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In general, every worker should have days of rest. California law normally prohibits an employer from requiring you to work more than six out of seven days.
Exempt employees may not be eligible for overtime or breaks. However, exempt employees must be paid at twice the minimum hourly wage based on a 40-hour workweek. As an exempt employee, an employer could require the employee to work more than 40-hours per week without overtime pay.
The Department of Labor requires employers to pay overtime to non-exempt salaried employees at least 1.5 times their regular hourly rate for all hours worked over the 40 hours during a workweek.
In 2022, the statewide minimum wage in California is $15.00 per hour (or $14.00 per hour for employers with 25 or fewer employees). $29,120 per year.
Minimum Wage $15.00/hour Phase in from 2017-2023 (Senate Bill 3) In 2017, Senate Bill 3 started a phase in of requirements to raise California's minimum wage to $15.00 an hour. The increase in minimum wage is different for large employers (26 or more employees) and small employers (25 or fewer employees).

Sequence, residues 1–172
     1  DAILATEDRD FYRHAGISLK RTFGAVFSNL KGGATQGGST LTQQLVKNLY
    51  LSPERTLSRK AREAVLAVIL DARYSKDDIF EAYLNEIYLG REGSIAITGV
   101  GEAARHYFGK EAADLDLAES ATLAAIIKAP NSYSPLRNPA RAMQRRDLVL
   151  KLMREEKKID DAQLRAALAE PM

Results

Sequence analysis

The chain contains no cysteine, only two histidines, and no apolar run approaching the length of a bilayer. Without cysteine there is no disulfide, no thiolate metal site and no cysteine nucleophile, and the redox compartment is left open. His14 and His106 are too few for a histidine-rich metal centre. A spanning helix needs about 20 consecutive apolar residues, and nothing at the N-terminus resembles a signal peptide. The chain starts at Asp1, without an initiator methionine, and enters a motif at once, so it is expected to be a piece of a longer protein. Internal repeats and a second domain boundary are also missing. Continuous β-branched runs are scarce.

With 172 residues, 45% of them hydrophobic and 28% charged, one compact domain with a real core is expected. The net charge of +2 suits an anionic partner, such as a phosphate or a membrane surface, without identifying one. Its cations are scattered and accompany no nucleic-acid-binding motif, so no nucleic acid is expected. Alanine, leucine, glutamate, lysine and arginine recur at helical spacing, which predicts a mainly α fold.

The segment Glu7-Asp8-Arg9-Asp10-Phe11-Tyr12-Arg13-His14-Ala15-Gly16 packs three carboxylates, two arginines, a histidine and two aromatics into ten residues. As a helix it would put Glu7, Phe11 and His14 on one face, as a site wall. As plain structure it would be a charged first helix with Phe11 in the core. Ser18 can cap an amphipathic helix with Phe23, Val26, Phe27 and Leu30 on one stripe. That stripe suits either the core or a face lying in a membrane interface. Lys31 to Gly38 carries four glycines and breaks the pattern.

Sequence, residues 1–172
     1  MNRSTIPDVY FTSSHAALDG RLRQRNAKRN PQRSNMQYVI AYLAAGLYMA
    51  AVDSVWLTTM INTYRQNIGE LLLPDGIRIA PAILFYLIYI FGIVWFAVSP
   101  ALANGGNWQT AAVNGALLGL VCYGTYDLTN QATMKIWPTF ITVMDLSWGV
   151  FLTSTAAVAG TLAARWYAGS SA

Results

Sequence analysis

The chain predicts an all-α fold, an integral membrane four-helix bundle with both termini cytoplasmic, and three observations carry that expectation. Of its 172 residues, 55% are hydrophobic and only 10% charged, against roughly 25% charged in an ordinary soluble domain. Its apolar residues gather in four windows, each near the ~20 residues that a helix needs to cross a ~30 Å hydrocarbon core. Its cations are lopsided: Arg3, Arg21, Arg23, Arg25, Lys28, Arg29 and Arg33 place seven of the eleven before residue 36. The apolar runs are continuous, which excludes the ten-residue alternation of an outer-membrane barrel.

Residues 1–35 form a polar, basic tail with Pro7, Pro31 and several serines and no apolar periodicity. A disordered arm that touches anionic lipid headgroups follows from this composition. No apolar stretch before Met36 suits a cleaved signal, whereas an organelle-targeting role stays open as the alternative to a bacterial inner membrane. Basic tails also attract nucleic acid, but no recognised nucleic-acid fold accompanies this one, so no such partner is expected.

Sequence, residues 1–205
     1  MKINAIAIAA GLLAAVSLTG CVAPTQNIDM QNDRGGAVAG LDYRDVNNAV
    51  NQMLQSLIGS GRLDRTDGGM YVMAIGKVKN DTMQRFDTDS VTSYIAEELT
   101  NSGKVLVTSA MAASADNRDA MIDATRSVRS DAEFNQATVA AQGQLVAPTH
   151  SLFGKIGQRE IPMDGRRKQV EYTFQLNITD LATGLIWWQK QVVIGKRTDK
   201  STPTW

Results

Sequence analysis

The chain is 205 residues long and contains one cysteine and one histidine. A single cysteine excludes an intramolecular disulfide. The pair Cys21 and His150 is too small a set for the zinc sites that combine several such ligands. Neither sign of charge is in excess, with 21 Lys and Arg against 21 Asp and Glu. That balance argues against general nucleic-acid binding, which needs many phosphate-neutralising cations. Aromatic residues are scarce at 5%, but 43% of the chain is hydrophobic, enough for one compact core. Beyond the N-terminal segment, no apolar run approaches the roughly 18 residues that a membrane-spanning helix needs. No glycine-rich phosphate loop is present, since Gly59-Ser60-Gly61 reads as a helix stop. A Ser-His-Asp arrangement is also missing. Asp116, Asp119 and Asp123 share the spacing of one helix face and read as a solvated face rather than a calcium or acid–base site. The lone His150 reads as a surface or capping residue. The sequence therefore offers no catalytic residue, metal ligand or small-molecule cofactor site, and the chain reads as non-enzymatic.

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What Is California's Minimum Wage Today? For the remainder of 2022, the current minimum wage in the state will stay at $14 per hour for California employers with 25 employees or less. If your business employs 26 or more people, you've already been subject to a $15 per hour minimum wage rate as of January 1, 2022.
Salaried employees cannot have their pay deducted by their employer if they work less than 40 hours per week or the employee may be seen as nonexempt and entitled to overtime compensation when working more than 40 hours a week.
The City's website explains, \u201cBeginning July 1, 2022, full time employees for all businesses are to be provided at least 96 compensated hours and 80 uncompensated hours per year for sick leave, vacation, or personal necessity.
Under California employment law, salaried employees can be classified as exempt or non-exempt. Non-exempt salaried employees are eligible for overtime. Exempt salaried employees may not be eligible for overtime....Exempt Employees overtime pay, meal breaks, and. rest breaks.
Gavin Newsom signed new state legislation, Assembly Bill 5 (AB5), into law. Effective January 1, 2020, AB5 affects independent contractors throughout California, radically changing 30 years of worker classification and reclassifying millions as employees.

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